My wife and I do allow our children to watch some TV, but we often feel vaguely guilty about it, even though we’re super careful in what and how much they watch. Here’s one reason why we feel that guilt: my five-year-old son was watching his then favorite cartoon, a preschool version of Transformers, a set of rescue robots who live on Griffin Rock, an island town, and most nights he would request that his bedtime story for the evening feature a certain subset of those characters. He would carefully pick out certain ones that had to be in the story I was about to tell, and maybe toss in an archnemesis or two that they had to thwart that night.
One evening I made up a story about how it was raining glue and the Transformers were asked to stop the glue and clean up the mess. Maybe, someone suggested, these rescue robots could make it rain? “Only God can make it rain,” replied one of the Transformers—I said. My little son immediately interjected, “There’s no God in Transformers!” I informed my firstborn that I couldn’t tell a story in which God wasn’t allowed. He wouldn’t hear of it. He was very insistent. We hit an impasse, and I can’t remember how I solved it, or if I did! We may have had to call in Mom’s wisdom, I don’t recall…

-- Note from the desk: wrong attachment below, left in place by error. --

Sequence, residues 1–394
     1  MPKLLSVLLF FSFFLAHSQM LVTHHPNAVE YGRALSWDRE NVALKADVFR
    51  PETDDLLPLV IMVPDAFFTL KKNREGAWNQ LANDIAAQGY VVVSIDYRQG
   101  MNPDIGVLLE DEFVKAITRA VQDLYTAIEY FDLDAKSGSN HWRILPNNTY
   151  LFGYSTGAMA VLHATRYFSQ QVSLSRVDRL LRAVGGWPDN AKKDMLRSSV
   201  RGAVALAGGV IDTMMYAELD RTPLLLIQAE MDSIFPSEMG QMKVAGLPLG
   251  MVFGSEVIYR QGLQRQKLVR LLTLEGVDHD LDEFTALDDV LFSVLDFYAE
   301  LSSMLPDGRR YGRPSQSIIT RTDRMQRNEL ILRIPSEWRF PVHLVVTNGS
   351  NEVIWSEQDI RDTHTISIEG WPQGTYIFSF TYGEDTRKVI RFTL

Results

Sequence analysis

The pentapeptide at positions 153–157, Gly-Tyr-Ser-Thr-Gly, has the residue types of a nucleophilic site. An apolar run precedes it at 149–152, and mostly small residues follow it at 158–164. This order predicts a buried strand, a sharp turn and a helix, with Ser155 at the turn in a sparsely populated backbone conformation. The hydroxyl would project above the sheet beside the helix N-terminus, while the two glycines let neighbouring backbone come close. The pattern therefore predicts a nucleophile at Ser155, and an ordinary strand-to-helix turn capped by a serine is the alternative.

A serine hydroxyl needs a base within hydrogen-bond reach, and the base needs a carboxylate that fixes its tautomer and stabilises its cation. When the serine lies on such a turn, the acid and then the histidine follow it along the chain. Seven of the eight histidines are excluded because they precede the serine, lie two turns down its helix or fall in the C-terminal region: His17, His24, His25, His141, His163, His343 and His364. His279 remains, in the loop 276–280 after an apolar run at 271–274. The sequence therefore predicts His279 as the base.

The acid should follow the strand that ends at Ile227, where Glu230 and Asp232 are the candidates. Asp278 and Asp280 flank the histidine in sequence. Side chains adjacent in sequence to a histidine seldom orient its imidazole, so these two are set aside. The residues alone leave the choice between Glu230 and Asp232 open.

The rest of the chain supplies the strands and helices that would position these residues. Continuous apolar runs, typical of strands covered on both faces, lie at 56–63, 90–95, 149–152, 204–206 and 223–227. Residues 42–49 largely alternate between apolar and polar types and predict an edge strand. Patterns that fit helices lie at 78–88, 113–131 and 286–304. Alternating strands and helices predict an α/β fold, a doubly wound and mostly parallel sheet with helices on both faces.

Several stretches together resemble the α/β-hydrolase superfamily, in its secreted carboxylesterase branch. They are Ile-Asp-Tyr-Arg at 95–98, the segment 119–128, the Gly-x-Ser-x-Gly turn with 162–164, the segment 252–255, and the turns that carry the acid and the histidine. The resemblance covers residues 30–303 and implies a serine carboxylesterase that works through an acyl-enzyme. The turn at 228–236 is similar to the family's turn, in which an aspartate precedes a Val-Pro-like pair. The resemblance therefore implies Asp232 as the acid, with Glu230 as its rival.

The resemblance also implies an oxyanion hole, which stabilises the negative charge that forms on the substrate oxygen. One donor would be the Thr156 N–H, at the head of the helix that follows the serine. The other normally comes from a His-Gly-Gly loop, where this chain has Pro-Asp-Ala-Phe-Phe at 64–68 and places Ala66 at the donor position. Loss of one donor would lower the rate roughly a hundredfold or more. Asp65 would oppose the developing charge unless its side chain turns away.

Listen: I promise this preschool show never once said, “Repeat after us Transformers, kids: ‘There is no God.’” But after 25 or 30 episodes in which God and His word are never consulted for answers, and in which God is never thanked for rescues, my son got the message very clearly: Transformers is a secular world, a world where God and religion are not just absent, not just ignored, but forbidden. I checked, and I think there are churches on the cityscape in the background in some of the shots used in that cartoon. But in a secular place like Griffin Rock, religion isn’t ever encouraged, or even allowed, to come out of the buildings in which it’s stuck.
The assumption is that religion obtrudes, that it doesn’t belong out in the public square, that it really ought to stay private—that assumption is more often implicit than explicit. It’s just in the air. Without ever being told in so many words that God doesn’t belong, the fact that He’s never invited is itself a message that people get loud and clear. And as soon as you push the boundaries of this assumption that God doesn’t belong, people will pop up and object like my five-year-old did.
I’m not whining, however, just observing. And I do not think I have uncovered some conspiracy; I don’t believe that the secularism of Griffin Rock was fully purposeful. Stories people tell reflect their worldviews, that’s all. This is the situation the Bible would lead us to expect.